Firstly prepare your fish bones … I’ve always wanted to start a dessert post with just such a statment.
Had we been preparing this Italian dessert tradizionale we would have started with the preperation of our fish bones which were used as the thickening agent.
Techonolgy now on our side, we are able to utilise a sprinkle or two of gelatin… thank fully.
Panna cotta hails from the Emilia -Romagna region of Italy, the long held strong hold of Italian Gastronomy. For centuries the people of Emilia-Romagna have been delighting our palates and amplifying our bellies with such regional delights as Prosciuttio di Parma, Parmigiano Reggiano and of course the frangible and lightly cooked panna cotta.
The literal translation of panna cotta is “cooked cream”, which it is only just . The gelatin is used to set the dessert and I have added white chocolate to this recipe to make it extra decadent.
This relatively simple dessert, consisting traditionally of only four ingredients is made challenging only in thought ~ as too much gelatin will cause the dessert to turn out rubbery, and conversely, too little gelatin will cause the dessert to run forth onto the plate. By nature, panna cotta should be wobbly and voluptuous as a womens bosom which is not hard to achieve if you follow this simple methodology.
Serve elegantly plain or when summer berries are in abundance with a spoonful of these macerated goodies for a sweet-tart contrast.
180gms white chocolate
600mls full cream
4 Tbs caster sugar
1 vanilla pod ~ scraped of its seeds
3 tsp / 10gms powdered gelatin
1/3 cup of boiling water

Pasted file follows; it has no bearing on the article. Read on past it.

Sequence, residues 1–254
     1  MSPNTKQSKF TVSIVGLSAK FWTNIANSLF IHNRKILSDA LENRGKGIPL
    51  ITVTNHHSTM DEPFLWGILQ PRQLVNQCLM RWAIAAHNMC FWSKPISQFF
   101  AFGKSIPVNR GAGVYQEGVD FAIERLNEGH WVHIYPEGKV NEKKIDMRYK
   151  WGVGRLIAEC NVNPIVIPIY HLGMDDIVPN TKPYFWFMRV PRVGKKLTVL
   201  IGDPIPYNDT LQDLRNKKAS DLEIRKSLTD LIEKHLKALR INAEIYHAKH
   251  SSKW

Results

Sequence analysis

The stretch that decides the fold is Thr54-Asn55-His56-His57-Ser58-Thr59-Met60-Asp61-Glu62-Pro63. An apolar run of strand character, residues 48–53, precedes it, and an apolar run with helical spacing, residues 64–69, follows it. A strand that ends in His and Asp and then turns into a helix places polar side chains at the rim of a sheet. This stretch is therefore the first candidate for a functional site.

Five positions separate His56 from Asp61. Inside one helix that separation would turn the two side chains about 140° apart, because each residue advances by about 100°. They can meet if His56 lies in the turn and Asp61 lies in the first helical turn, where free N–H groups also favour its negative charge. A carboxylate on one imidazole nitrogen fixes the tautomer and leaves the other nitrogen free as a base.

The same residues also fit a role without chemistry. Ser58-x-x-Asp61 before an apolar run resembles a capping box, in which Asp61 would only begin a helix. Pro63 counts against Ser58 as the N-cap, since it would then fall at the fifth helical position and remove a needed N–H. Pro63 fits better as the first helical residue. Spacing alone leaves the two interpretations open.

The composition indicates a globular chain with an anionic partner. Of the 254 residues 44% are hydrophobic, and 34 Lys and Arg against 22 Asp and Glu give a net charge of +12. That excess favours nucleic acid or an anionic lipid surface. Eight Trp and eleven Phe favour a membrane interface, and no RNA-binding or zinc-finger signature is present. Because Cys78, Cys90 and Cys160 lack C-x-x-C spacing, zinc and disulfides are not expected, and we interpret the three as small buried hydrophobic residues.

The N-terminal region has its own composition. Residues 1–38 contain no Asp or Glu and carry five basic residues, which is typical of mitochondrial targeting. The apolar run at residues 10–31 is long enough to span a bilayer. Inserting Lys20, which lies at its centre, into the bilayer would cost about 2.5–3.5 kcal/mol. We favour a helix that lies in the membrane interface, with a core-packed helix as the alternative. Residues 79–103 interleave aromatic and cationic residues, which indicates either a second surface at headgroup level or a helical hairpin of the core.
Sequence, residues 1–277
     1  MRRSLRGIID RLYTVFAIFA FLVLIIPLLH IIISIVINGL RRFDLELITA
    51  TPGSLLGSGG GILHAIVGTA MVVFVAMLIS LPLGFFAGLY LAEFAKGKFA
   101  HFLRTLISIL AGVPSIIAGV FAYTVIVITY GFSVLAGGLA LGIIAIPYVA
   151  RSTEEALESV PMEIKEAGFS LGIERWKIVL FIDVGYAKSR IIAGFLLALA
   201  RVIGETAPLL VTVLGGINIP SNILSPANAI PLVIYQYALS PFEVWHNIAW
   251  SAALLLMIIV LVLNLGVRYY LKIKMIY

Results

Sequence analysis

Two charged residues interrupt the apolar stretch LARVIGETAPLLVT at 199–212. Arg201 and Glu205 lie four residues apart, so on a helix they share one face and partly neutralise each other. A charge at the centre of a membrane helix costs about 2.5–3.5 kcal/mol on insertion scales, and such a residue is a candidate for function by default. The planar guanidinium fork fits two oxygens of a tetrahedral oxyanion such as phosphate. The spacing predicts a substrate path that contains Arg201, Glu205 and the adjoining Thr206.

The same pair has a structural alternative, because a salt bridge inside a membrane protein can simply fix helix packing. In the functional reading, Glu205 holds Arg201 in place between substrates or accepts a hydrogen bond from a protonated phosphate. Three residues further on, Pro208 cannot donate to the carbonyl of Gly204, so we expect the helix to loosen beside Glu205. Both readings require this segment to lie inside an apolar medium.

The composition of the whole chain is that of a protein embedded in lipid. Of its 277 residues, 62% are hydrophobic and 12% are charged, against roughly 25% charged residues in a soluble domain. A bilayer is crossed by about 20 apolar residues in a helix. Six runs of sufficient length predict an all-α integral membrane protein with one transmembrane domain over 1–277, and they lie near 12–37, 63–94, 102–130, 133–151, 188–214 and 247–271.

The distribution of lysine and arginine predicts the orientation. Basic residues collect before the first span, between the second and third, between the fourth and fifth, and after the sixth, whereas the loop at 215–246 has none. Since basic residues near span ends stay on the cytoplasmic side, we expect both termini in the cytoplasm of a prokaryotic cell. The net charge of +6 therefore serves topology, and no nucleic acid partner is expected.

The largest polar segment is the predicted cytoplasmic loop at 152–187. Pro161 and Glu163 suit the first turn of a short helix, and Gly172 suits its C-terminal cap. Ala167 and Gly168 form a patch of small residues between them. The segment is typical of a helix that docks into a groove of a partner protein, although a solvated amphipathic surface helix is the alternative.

6x dariole moulds ~ lightly greased with non stick cooking spray
3 handfuls of fresh berries such as strawberries, raspberries, blueberries, or blackberries.
2-4 Tbs caster sugar
1/4 cup of red wine, white wine or cider
Into a heavy based saucepan place the white chocolate, cream, sugar and vanilla seeds.
Bring to a gentle simmer, stirring constantly to ensure the mixture is smooth and does not begin to catch on the base of the pot. Remove from the heat and allow to sit for a couple of minutes to give the flavours time to get to know each other a little better.
Sprinkle the gelatin over the boiling water and wait a few minutes for the granules to dissolve.
Pour the gelatin liquid into the cream mixture and stir through to combine.
Strain the mixture through a fine sieve to remove any potential lumps, and then divide the mixture between the 6 moulds.
Lightly cover the moulds with cling film and allow to set in the refrigerator for a minimum of 4 hours ~ or overnight if need be.
While the pannacotta are setting to their delicious jelly like state, you can prepare the berries to go with the dessert by heating them in small non-stick pan with 2 Tbs of caster sugar. Once you begin to smell the sugar caramelising slightly in the pan, add in a 1/4 cup of red wine, white wine or cider.
Allow the berries to come to a gentle boil so they begin to break down a touch and the flavour of the sauce begins to develop. Taste the sauce at this point ~ adding more sugar if the berries are particularly tart.
Remove the pan from the heat and leave the berries to sit and cool which once agian will help those wonderful flavours to shine through.
To serve your decadent dessert treat, unmold the panna cotta by running a sharp knife around the edge of the mould.
Hold the mould upside down in the palm of your hand and gentle shake the mould until the panna cotta comes loose and slides into your hand ~ now slid the dessert on to a deep dished plate and surround with berries and a spoon or two of the lovely berry sauce.